We know a use case for the MK802 II is to enable streaming video services on a TV / monitor, so we made a point of trying out the popular services.
Finally, YouTube videos are silky smooth too.
Local / network video
One thing we really wanted to do on the MK802 II was to play MKV files. You will suspected that the device would be really good at this and it was! It can played from a locally attached drive and over the network and playback was flawless. The MK802 II can be susceptible to getting a weak WiFi connection, but with careful placement I was able to maintain a good stream.
Rooting and hacking
The MK802 II comes 'pre-rooted' with root ADB access and is ripe for hacking. There's already quite a few hacks around for the original MK802 and the same will no doubt appear for the new version.
It's a great little device to have a good play around with!
Pricing and availability
The MK802 II is available in 123InkCartridges.ca for $59.99 with Free Shipping in Canada!
Hardware - overview
Hardware - around the device
The top of the device has an Android logo (with headphones) and the Rikomagic branding. The bottom of the device has 2 sets of ventilation holes and a LED indicator, as well as labelling for the various ports on the device. Earlier iterations of the device did suffer from heat problems, so it's probably worth ensuring these are left clear of obstructions when you've sited the device.
One end has the HDMI plug. On the original MK802 this was a socket for a cable, whereas it's now built in. The top edge of the device has the microSD slot, a reset hole and one of the microUSB ports. This one is used for the OTG adaptor, to connect memory sticks or hard drives. The bottom edge has the second microUSB port (for power / ADB) and a full size USB port, which can also be used for keyboard or mouse, memory sticks or hard drives.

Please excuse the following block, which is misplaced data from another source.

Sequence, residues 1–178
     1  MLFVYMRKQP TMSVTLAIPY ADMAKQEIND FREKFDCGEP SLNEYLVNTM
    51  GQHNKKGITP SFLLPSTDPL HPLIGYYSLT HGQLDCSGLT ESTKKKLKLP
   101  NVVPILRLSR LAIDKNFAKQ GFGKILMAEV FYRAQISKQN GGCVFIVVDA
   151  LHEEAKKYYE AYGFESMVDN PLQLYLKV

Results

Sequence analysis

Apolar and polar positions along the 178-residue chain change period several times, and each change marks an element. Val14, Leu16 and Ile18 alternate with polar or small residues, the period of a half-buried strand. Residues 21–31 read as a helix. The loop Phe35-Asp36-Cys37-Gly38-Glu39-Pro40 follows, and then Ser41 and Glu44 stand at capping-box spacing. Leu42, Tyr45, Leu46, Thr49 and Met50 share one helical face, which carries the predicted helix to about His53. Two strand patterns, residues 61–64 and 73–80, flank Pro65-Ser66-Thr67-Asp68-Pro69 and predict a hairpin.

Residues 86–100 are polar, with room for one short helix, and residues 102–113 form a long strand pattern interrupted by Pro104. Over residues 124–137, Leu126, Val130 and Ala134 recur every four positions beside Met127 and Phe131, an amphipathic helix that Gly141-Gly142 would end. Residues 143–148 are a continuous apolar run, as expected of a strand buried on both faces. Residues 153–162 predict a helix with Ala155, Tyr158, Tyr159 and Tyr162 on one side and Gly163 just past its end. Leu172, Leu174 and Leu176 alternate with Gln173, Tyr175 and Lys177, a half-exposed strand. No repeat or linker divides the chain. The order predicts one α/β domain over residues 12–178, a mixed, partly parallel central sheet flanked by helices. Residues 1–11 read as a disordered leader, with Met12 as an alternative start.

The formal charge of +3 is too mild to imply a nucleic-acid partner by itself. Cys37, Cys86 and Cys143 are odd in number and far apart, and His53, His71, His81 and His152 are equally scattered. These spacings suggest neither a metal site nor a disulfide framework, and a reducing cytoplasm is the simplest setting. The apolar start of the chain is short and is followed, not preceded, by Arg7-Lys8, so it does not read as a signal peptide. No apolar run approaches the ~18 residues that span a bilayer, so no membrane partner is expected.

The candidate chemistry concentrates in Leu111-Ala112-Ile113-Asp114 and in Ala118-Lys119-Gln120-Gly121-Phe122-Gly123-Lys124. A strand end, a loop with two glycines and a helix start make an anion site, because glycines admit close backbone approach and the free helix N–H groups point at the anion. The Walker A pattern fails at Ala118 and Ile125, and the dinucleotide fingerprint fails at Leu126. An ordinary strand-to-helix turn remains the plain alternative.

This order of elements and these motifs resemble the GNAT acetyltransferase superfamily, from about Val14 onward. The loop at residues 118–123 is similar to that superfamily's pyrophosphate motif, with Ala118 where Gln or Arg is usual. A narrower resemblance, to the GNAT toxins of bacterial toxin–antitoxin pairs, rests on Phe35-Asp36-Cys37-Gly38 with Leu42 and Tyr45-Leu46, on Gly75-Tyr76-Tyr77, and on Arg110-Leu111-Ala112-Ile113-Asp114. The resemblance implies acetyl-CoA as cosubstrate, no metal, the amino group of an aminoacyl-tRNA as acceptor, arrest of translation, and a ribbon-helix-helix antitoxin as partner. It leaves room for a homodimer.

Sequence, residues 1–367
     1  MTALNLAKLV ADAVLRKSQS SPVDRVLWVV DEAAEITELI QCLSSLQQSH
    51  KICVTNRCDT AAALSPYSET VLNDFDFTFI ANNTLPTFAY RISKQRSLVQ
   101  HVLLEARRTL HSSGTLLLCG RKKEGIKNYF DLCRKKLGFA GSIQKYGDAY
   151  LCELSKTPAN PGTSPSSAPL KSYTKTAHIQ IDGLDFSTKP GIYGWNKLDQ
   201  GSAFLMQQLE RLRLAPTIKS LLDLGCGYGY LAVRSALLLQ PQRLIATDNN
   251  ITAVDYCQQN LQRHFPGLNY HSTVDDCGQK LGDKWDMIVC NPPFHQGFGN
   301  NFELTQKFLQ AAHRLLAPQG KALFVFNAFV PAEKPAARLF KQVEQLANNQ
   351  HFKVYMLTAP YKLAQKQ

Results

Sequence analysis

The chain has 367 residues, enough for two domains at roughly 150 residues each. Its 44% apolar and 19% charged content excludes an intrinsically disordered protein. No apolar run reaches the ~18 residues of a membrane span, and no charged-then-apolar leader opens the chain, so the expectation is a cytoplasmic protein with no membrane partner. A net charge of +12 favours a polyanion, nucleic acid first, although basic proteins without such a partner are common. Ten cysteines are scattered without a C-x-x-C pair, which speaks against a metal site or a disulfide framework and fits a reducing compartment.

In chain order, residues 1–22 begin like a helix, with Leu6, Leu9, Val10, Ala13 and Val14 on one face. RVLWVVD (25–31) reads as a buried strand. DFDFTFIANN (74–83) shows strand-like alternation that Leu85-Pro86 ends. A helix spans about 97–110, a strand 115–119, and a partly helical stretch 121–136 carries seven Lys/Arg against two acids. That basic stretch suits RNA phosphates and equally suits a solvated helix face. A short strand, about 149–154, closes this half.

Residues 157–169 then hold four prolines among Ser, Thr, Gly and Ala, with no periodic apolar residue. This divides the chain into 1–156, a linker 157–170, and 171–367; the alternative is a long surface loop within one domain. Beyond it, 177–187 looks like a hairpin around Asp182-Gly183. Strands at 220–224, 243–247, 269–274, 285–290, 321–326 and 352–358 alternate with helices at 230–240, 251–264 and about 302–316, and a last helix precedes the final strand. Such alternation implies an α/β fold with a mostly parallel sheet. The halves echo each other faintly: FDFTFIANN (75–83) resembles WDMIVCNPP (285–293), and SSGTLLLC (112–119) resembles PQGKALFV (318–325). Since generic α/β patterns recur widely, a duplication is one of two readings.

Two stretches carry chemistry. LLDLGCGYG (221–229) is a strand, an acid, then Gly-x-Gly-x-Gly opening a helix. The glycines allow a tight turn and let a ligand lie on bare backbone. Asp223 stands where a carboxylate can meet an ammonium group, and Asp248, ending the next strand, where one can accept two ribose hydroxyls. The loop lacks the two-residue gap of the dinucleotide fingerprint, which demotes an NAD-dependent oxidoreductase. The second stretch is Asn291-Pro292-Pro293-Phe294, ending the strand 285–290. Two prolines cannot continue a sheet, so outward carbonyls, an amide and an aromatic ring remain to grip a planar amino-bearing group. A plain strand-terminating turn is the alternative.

OEM Cartridge. OEM stands for the Original Equipment Manufacturer. If you own a Brother printer for instance, then the OEM cartridge is manufactured by Brother.
Compatible Cartridge. A compatible toner cartridge is made by a third party manufacturer and is made up of all new compatible parts. It has a similar quality to an OEM cartridge, but the price is much cheaper than the OEMs.
Remanufactured Cartridge. A remanufactured cartridge is when a third party manufacturer recycles an original OEM cartridge, disassembles it, tests and replaces any worn parts, fills it with ink or toner, and re-assembles.
Compatible and remanufactured cartridges will print at least the same page yield than the OEMs, and backed by our 1 year Guarantee.
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Page Yield is an approximation of the number of standard pages that can be printed with one cartridge, usually measured at 5% page coverage.
Our new compatible and remanufactured cartridges will print at least the same amount page yield which is suggested from the original (OEM) cartridges.